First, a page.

Tributes from around the have been paid to Kofi Annan, the Nobel Peace Prize winner and former Secretary-General of the United Nations, who died aged 80 on Saturday after a short illness. His home country, Ghana, declared a week of national mourning.
He served two terms as UN chief between 1996 and 2006.
Ravina Shamdasani, the spokeswoman for the UN Office of High Commission for Human Rights, said Annan was a life-long believer in the organisation:
"I think we will remember Kofi Annan most for his dedication to peace and human rights, to his unfailing belief that diplomacy, dialogue, and just that the United Nations works, that we can avoid conflicts, that we can resolve conflicts and that we should never give up. We need to keep pushing. We need to keep advocating for human rights even in the face of seemingly impossible obstacles."
Admirers who took to Twitter to pay their respects:
Kofi Annan was the first black African to lead the United Nations and the first to come from the UN's own ranks. As he led the world into the new millennium he made a big impression, although he didn't always agree with the actions of the most powerful countries, calling the 2003 invasion of Iraq "illegal."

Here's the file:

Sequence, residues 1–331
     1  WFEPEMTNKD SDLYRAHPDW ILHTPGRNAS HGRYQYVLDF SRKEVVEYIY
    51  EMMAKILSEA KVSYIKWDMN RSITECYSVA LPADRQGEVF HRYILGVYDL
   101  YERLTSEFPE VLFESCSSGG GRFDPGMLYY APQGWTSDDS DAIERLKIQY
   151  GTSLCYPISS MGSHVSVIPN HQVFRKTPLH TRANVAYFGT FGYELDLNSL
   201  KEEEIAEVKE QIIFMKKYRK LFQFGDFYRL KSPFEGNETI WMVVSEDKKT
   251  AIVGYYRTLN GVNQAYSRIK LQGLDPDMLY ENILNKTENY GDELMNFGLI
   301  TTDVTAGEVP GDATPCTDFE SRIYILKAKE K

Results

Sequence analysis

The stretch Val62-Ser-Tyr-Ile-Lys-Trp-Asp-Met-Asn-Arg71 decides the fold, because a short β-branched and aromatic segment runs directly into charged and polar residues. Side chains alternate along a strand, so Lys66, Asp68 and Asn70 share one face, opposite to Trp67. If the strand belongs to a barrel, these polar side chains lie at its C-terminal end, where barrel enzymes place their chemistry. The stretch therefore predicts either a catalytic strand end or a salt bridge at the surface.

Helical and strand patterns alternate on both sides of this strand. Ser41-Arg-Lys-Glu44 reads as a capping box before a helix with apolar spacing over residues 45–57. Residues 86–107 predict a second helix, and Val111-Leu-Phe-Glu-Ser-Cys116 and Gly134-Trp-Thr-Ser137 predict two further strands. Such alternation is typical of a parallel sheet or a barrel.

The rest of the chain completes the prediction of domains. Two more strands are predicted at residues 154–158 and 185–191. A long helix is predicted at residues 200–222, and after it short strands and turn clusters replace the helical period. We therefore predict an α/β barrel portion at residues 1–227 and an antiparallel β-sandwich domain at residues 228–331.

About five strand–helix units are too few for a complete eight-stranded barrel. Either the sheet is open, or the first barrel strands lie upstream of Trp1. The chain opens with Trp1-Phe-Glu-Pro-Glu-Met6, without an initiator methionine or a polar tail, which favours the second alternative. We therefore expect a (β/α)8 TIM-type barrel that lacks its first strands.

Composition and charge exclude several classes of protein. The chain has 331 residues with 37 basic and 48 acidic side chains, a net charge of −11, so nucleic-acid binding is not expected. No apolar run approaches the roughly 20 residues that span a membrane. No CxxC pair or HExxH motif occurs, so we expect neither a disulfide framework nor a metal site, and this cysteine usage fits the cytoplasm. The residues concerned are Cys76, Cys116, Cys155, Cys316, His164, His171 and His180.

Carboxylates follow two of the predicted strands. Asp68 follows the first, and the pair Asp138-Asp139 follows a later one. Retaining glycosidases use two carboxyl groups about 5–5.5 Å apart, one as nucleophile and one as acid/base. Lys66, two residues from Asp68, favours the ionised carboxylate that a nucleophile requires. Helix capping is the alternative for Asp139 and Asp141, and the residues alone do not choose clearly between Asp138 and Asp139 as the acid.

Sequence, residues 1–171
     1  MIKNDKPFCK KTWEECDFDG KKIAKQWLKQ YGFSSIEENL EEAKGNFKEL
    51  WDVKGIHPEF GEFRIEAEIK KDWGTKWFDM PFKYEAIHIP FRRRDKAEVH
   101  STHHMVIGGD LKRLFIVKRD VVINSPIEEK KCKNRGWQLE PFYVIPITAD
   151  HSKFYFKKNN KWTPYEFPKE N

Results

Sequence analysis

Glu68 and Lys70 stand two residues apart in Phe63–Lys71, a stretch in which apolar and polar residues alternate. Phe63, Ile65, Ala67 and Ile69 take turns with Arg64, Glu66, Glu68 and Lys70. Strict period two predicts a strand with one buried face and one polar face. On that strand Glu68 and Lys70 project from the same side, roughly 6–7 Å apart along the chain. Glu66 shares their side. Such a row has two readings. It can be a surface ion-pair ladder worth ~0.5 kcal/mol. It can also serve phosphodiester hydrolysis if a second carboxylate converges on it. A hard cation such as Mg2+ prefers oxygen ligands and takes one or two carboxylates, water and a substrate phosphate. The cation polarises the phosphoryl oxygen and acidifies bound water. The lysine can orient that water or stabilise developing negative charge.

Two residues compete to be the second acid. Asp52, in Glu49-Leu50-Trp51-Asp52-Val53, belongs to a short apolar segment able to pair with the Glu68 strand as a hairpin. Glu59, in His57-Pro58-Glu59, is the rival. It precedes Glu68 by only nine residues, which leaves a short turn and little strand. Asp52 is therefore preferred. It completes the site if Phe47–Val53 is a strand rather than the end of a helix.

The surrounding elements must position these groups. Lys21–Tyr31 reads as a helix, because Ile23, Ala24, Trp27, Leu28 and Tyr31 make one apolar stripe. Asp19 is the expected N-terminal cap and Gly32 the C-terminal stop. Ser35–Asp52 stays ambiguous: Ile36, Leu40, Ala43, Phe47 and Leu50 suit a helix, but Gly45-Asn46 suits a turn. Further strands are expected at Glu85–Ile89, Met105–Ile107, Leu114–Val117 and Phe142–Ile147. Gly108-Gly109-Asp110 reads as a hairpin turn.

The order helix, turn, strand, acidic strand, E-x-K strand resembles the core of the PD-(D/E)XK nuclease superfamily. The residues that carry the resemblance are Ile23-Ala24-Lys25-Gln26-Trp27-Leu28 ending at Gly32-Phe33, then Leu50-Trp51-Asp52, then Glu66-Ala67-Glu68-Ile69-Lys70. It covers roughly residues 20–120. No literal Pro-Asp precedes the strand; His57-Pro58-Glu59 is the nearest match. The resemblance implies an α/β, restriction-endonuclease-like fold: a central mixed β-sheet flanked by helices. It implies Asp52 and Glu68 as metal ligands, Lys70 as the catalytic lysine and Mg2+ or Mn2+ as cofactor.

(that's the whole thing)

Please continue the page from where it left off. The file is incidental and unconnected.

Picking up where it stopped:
"We were filled with pride to see an African leader dealing with world problems and finding solutions for them, so we dip our heads to him in great memory of him," said the President of South Africa, Cyril Ramaphosa.
Kofi Annan led the world in to the new millennium, making a big impression on the diplomatic stage, although he didn't always agree with the actions of the most powerful countries, calling the 2003 invasion of Iraq "illegal."
Passing on the baton to Ban Ki-Moon in 2006 he described the UN chief's post as the most impossible on earth, adding that it was also the best possible job.